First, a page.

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Biochem Biophys Res Commun. 1998 Dec 30;253(3):662-6.

Nitrilase catalyzes amide hydrolysis as well as nitrile hydrolysis.

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  • 1Division of Applied Life Sciences, Graduate School of Agriculture, Kyoto University, Japan.

Erratum in

  • Biochem Biophys Res Commun 1999 Feb 16;255(2):549.

Abstract

While amides were reported to be completely inert as substrates for all nitrilases reported to date, the nitrilase from Rhodococcus rhodochrous J1, which catalyzes the hydrolytic cleavage of the C-N triple bond in nitrile to form acid and ammonium, was surprisingly found to catalyze hydrolysis of amide to acid and ammonium stoichiometrically. This nitrilase exhibited a Km of 2.94 mM for benzamide, similar to that for benzonitrile as the original substrate (2.10 mM), but the Vmax for benzamide was six orders of magnitude lower than that for benzonitrile. Benzamide inhibited the nitrilase reaction in a reversible, apparently competitive manner. A mutant nitrilase containing alanine or serine instead of Cys165, which is essential for nitrilase catalytic activity, showed no amidase activity. This observation demonstrated that Cys165 plays a crucial role in the hydrolysis of amides as well as nitriles. Together with some reports that certain nitrilases were previously noted to produce low amounts of amide as a by-product from nitrile, the above unexpected findings suggested the existence of a common tetrahedral intermediate in the nitrilase reaction involving nitrile or amide as a substrate.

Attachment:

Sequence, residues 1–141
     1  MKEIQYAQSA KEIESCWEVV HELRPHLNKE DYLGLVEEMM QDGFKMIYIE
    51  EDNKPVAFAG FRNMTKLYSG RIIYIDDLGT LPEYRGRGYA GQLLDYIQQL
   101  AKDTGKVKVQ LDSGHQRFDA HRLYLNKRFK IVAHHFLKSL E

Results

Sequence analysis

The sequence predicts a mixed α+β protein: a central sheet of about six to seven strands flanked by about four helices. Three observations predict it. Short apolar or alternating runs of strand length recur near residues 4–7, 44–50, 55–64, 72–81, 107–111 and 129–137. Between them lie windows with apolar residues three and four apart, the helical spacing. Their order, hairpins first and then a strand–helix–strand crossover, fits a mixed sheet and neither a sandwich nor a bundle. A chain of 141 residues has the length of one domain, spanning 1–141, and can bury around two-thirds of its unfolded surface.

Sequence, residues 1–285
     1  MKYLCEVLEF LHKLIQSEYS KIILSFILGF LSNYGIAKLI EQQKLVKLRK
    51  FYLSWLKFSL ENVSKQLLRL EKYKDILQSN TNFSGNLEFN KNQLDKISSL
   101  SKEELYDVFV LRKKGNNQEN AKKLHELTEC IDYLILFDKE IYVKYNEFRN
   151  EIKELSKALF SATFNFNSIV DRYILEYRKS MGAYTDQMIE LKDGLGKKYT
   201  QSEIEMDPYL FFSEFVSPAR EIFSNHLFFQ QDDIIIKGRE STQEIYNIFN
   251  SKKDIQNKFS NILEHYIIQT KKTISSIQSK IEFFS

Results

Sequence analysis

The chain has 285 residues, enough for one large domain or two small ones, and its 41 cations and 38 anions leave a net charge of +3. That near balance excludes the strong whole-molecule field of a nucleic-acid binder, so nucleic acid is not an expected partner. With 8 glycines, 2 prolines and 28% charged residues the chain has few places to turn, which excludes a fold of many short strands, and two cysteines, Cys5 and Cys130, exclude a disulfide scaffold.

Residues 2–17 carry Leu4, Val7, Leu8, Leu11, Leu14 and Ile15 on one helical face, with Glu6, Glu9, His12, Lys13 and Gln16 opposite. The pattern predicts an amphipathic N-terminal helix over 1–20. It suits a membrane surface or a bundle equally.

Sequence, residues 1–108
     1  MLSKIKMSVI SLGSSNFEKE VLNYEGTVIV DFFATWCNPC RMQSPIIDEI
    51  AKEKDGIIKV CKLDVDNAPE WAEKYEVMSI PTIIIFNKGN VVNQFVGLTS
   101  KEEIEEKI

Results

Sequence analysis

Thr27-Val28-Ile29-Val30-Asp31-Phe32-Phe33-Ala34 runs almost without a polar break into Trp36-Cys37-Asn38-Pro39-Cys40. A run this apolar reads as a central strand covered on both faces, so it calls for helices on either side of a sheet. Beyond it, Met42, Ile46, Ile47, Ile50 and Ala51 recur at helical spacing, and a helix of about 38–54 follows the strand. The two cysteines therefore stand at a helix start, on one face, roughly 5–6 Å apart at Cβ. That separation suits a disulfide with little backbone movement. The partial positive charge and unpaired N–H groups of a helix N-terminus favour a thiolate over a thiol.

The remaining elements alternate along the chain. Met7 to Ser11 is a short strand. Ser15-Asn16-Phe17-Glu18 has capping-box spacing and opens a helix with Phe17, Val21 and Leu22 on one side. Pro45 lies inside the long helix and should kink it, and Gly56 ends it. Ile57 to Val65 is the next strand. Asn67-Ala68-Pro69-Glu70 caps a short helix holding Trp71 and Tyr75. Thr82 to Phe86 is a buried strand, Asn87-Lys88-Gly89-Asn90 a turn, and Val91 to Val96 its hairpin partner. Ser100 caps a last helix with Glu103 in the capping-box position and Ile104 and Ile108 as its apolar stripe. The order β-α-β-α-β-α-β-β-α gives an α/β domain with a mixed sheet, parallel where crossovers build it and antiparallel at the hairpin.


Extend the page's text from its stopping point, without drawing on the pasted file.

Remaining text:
PMID:
9918784
[PubMed - indexed for MEDLINE]
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